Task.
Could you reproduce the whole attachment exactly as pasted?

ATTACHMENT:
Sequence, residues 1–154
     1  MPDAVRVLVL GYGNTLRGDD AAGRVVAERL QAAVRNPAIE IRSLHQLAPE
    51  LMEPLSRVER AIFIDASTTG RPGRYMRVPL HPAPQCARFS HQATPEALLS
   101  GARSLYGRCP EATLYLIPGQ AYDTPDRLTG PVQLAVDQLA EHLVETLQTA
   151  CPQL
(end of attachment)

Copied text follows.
Sequence, residues 1–154
     1  MPDAVRVLVL GYGNTLRGDD AAGRVVAERL QAAVRNPAIE IRSLHQLAPE
    51  LMEPLSRVER AIFIDASTTG RPGRYMRVPL HPAPQCARFS HQATPEALLS
   101  GARSLYGRCP EATLYLIPGQ AYDTPDRLTG PVQLAVDQLA EHLVETLQTA
   151  CPQL